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Virgin recruiting soon...

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Virgin recruiting soon...

Old 18th Apr 2020, 16:45
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Present BA MSL shows numbers to 4469 and MPE,manpower equivalent heads approx 4000
Planned recruitment 2020 was 300, 2021 250.
Part offered to All now.
natural wastage 1%
Retirements and comorbity considerations some more
Unpaid leave possible as has been done before in 80s
380 Pilots will most likely transfer to 350,4 more deliveries till year end total 9
744 pilots will have to sit it out until course available.
Mckinsey report this weak forecasting return to previous levels in LH will take six Quarters

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Old 18th Apr 2020, 16:51
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Originally Posted by recall_checked View Post
https://www.gov.uk/redundancy-your-r...for-redundancy

UK Gov says last in first out is acceptable.
Its not quite that black and white. Note the 'Unfair Selection' section. I'd imagine seniority at BA / Virgin is so highly correlated with age that it could be argued to be the same thing.

I also agree with the above posters. Even if it was legal, I see no business case for the company to use LIFO and the unions have no power at this time to intervene.
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Old 18th Apr 2020, 17:33
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I really do not think that compulsory redundancy will be required at BA and don't understand why some people keep raising it, particularly on a Virgin thread.

BA's redundancy policy has been updated over the years, the last time in 2015, 9 years after age discrimination legislation came into force. Seniority rules everything at BA, it is not dependent upon age, there are relatively young senior LH P1s and old junior P2s. Joining BA is always a very long term bet. MOA K.11 clearly specifies LIFO as the general principle to be applied if redundancies are required.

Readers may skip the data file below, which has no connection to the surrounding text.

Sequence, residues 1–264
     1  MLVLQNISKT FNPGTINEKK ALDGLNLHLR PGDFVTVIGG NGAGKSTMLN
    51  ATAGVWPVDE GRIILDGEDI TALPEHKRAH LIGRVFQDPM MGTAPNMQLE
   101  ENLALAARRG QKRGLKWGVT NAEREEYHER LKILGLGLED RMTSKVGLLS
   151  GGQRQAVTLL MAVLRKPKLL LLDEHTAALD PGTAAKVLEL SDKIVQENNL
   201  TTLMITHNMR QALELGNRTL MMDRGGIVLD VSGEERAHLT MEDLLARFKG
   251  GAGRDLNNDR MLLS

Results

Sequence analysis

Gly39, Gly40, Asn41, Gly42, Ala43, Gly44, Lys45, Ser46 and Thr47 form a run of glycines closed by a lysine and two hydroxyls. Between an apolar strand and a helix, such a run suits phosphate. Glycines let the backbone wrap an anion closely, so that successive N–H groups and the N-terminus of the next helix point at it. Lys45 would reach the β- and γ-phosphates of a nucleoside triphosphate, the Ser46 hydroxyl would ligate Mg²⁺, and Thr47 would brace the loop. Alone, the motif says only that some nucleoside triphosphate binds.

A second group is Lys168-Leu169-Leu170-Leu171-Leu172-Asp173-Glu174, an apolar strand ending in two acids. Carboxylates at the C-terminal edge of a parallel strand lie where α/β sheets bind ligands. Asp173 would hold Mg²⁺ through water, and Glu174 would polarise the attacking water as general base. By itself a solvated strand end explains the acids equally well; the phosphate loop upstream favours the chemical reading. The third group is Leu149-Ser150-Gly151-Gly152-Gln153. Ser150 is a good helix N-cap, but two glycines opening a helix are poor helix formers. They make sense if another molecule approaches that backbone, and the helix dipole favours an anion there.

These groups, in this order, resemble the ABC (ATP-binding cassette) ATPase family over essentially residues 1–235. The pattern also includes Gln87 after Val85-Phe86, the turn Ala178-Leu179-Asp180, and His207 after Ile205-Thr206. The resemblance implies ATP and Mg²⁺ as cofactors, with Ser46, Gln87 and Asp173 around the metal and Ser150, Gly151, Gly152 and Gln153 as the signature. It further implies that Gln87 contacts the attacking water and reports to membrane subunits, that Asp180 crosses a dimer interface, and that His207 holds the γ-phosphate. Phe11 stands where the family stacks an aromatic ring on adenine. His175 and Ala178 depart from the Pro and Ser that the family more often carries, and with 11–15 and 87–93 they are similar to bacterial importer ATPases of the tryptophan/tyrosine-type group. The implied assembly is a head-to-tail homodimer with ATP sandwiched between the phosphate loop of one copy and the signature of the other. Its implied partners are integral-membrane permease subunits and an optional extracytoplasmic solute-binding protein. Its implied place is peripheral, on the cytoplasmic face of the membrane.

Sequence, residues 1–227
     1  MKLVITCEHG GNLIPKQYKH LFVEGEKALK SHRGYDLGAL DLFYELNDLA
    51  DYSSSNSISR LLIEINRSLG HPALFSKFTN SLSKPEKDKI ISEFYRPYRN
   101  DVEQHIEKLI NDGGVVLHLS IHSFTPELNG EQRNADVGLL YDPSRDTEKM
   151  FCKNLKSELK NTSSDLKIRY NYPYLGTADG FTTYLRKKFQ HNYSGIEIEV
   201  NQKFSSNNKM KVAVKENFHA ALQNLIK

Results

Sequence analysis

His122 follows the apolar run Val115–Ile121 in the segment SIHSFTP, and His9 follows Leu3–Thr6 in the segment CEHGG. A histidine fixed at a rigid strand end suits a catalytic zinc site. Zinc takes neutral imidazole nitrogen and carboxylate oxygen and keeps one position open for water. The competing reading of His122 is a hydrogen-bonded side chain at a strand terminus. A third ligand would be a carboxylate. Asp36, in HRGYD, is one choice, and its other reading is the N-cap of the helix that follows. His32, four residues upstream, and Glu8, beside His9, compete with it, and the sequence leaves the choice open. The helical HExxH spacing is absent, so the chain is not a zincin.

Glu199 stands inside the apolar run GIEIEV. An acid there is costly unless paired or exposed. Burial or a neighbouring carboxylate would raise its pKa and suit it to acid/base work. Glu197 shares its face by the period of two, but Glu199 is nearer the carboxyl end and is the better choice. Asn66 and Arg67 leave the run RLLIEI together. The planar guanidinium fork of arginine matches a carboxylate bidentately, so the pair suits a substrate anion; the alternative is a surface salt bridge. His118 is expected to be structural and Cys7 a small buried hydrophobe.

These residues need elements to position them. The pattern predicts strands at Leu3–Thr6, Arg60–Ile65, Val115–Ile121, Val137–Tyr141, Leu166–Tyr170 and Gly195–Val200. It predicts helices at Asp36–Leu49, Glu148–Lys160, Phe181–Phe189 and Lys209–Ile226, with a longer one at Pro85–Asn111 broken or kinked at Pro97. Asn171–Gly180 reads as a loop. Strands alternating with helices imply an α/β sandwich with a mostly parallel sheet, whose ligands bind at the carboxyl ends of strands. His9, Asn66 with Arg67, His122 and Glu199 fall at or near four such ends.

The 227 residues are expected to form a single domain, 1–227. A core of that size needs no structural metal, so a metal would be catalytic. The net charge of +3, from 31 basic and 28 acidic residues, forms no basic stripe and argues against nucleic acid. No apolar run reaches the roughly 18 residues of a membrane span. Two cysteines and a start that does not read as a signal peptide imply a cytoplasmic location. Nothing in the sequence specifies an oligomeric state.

I personally believe that an effective treatment for the virus will be found soon. A vaccine may be far away, but much improved treatment needn't be. Confidence will be restored if people know the likelihood of passing away from the virus is very very small.
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Old 18th Apr 2020, 18:54
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Letís put a lid on this. It will only escalate to an argument with no benefit. BA will do as it sees fit. Virgin will do the same. Extraordinary times will mean the past is a unreliable reference for the present. Letís wait and see, once we know more hopefully we can come together to look out for each other.
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Old 19th Apr 2020, 07:58
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Letís be honest here. Generally Speaking, the pilots most vociferously against LIFO are the very ones who would benefit the most if it were not applied. Typically they make up the bottom 20-30% of the pilot work force.
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Old 19th Apr 2020, 08:12
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Originally Posted by Boeing 7E7 View Post
Letís be honest here. Generally Speaking, the pilots most vociferously against LIFO are the very ones who would benefit the most if it were not applied. Typically they make up the bottom 20-30% of the pilot work force.
And those for it are on the wrong (usually older so should have known better) fleet.
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Old 19th Apr 2020, 09:16
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Originally Posted by srjumbo747 View Post
And those for it are on the wrong (usually older so should have known better) fleet.
You mean the majority of pilots?
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Old 19th Apr 2020, 23:58